Solute and isotopic geochemistry and ground water flow in the central Wasatch Range, Utah

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Authors:Mayo, Alan L.; Loucks, Mark D.
Author Affiliations:Primary:
Brigham Young University, Department of Geology, Provo, UT, United States
Montgomery Watson American, Draper, UT, United States
Volume Title:Journal of Hydrology
Source:Journal of Hydrology, 172(1-4), p.31-59. Publisher: Elsevier, Amsterdam, Netherlands. ISSN: 0022-1694
Publication Date:1995
Note:In English
Summary:Ground water flow systems in the rugged central Wasatch Range, Utah, were investigated by solute and isotopic methods. Six types of ground water systems were identified on the basis of rock type and structure. The systems are broadly grouped into four categories: (1) granitic systems; (2) non-granitic systems: (a) unconsolidated alluvial systems, (b) consolidated sedimentary rock systems, and (c) fault controlled systems; (3) thermal systems; (4) mine drainage systems. These ground water systems have distinctive solute and isotopic chemistries. Based on an analysis of 3H and 14C data, all of the ground waters have a component of post-1952 recharge water, and most of the ground waters are composed almost entirely of post-1952 recharge water. A few of the ground water systems contain some water which is hundreds to perhaps thousands of years old. The δ18O and δ2H data plot on a local meteoric water line, and none of the data exhibit a positive δ18O shift. The absence of a positive δ18O shift suggests maximum aquifer temperatures are approximately 100°C. Granitic terrains are dominated by fracture controlled, local ground water flow systems which respond rapidly to recharge events. The granitic ground water systems have estimated maximum circulation depths of about 160 m below land surface. All the alluvial, most of the consolidated sedimentary bedrock, and some of the fault controlled ground water systems are shallow circulating, local flow systems with short travel times. Ground water circulation of most of the local flow systems is within 200 m of land surface and is bedding plane controlled. Some of the consolidated bedrock and many of the fault controlled ground water systems are of the intermediate type and have circulation depths to 500 m. Four thermal ground water systems have been identified. The thermal systems are heated by the geothermal gradient and have not circulated deeper than 2-2.5 km. The thermal systems are of the intermediate and regional type. The solute chemistry of most of the non-granitic ground waters may be attributed to the dissolution of carbonate minerals and minor amounts of gypsum. Contributions of external CO2(g) to some of the thermal systems from either metamorphic or silicate hydrolysis processes is suspected.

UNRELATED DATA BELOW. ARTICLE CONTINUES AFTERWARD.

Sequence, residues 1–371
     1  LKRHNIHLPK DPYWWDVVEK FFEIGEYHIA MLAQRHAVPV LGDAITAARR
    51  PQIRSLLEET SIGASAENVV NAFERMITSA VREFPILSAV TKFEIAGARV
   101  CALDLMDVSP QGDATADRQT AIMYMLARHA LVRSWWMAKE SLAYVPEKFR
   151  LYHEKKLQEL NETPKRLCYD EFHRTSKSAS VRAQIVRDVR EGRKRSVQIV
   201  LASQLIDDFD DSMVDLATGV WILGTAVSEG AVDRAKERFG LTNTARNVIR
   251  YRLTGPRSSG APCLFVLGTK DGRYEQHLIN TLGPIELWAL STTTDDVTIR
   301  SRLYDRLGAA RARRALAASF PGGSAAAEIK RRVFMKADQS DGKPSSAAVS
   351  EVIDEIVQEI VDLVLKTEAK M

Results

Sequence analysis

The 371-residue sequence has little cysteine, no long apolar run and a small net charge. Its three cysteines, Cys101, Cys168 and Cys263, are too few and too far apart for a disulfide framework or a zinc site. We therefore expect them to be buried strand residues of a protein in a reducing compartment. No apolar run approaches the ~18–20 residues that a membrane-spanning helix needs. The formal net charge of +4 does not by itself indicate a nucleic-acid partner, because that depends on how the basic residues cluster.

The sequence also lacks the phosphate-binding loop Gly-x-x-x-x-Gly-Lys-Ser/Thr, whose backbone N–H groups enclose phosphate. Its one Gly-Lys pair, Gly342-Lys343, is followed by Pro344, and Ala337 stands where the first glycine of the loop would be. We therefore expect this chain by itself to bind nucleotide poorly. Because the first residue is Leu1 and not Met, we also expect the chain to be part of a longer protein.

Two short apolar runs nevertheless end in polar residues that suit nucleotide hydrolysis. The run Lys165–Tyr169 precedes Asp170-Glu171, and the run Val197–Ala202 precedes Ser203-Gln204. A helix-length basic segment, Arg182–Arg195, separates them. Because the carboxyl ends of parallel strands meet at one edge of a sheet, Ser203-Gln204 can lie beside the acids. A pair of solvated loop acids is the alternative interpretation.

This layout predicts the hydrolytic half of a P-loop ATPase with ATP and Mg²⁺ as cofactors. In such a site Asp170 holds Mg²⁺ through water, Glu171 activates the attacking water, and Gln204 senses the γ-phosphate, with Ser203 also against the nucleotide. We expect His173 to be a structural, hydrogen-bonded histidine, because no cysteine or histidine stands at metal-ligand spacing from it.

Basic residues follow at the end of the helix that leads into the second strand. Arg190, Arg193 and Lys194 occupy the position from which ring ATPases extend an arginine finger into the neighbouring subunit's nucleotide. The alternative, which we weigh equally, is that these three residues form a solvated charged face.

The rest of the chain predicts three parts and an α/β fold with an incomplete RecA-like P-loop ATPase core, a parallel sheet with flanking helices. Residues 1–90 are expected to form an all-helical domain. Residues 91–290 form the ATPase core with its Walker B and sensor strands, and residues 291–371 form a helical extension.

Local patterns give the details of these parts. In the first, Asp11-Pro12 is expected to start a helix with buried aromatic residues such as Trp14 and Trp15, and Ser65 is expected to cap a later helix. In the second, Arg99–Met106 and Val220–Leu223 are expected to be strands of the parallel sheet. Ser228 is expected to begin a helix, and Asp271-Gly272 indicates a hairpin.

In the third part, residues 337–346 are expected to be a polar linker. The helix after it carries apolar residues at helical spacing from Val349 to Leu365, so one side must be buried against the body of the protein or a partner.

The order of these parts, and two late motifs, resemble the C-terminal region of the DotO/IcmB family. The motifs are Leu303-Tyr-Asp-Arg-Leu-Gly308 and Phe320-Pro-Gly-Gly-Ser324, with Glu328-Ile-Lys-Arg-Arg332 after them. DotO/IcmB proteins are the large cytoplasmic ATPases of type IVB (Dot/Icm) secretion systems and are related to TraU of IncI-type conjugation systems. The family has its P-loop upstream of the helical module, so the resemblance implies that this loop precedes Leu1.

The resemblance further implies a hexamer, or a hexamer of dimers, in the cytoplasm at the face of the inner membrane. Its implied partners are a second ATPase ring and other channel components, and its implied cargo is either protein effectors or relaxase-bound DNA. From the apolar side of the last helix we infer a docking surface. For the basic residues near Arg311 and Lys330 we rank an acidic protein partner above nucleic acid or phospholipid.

Subjects:Age; Alluvium; Aquifers; Bedding; Bedrock; C-14; Carbon; Clastic sediments; Controls; Deuterium; Faults; Geochemistry; Granites; Ground water; Hydrochemistry; Hydrogen; Igneous rocks; Isotope ratios; Isotopes; Mine drainage; Movement; O-18/O-16; Oxygen; Planar bedding structures; Plutonic rocks; Radioactive isotopes; Recharge; Sedimentary rocks; Sedimentary structures; Sediments; Solute transport; Stable isotopes; Structural controls; Temperature; Terrains; Thermal waters; Tracers; Tritium; North America; Rocky Mountains; U. S. Rocky Mountains; United States; Utah; Wasatch Range
Record ID:1995059897
Copyright Information:GeoRef, Copyright 2018 American Geosciences Institute. Reference includes data from CAPCAS, Elsevier Scientific Publishers, Amsterdam, Netherlands
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